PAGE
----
Big Data–Based Tools Support Cancer Clinical Decision-Making

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Clinicians are increasingly looking to big data and electronic medical records (EMR) data integration tools in support of clinical decision-making questions and processes for improved access and care for their patients with cancer.

Mia Levy, MD, PhD

Clinicians are increasingly looking to big data and electronic medical records (EMR) data integration tools in support of clinical decision-making questions and processes for improved access and care for their patients with cancer.

Mia Levy, MD, PhD, spoke about such cancer clinical decision-making tools in the era of precision medicine and big data at the Association of Molecular Pathology (AMP) 2020 Annual Meeting and Expo.1 She described clinical decision support workflows for interpreting tumor next-generation sequencing (NGS) results for clinical management, knowledge resources, and secondary uses of NGS data for clinical trial design and operational optimization.

Clinical decision support for the care of patients with cancer often starts with tumor NGS and the resulting laboratory-based interpreted data, including identification of somatic and germline variants. When laboratories first began reporting NGS data, it was not integrated into EMR. Portals were created for data access, and data were sometimes reported via email. The interpreted data, portals, and emails did not include patient history, but contained a lot of information not relevant to patient care.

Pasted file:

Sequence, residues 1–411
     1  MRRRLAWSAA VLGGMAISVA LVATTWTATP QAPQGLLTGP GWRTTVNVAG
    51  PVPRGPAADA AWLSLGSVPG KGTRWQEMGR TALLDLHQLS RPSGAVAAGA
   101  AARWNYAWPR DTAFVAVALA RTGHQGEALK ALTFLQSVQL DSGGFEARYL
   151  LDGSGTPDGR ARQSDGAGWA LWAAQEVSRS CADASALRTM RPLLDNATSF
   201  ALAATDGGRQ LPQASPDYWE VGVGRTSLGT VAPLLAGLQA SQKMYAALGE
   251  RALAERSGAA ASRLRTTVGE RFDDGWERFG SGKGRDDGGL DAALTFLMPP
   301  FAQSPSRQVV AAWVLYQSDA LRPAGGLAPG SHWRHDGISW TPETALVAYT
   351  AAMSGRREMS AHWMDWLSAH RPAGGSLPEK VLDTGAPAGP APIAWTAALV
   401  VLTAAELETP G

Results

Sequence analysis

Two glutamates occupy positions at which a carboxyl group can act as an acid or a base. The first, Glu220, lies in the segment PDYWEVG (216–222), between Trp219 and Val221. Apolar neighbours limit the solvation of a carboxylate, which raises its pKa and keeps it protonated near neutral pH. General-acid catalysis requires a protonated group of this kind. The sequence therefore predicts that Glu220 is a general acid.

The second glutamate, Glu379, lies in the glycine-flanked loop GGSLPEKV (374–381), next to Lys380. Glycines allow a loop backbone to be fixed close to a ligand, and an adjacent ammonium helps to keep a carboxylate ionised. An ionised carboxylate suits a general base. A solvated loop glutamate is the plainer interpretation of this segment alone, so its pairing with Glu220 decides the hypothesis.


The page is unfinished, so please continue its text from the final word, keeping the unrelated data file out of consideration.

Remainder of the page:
Integrating NGS with diagnostic data within the EMR is now possible and supports just-in-time clinical decisions, such as referral to appropriate clinical trials. Molecular tumor boards have also been created to capture patient history in addition to sequencing data, adding value to the pathology report, and helping to interpret results for clinical management in a collaborative fashion.

Clinical decisions supported by the use of tumor NGS data include what treatments to consider—both on-label and off-label options when a potentially actionable mutation has been reported—as well as referral to clinical trials. NGS data can also suggest treatments to avoid, such as those that are not likely to be effective, and support continuation of treatments shown to be most optimal or to which the tumor is responding.

Classes of knowledge base assertions made based on tumor NGS data include:

  • Functional: alteration of protein function
  • Frequency: of biomarker observed in a specific disease
  • Therapeutic: efficacy or lack thereof in the context of treating disease with a biomarker
  • Prognostic: effect of a specific biomarker in a specific disease
  • Diagnostic: association of diagnoses with molecular alterations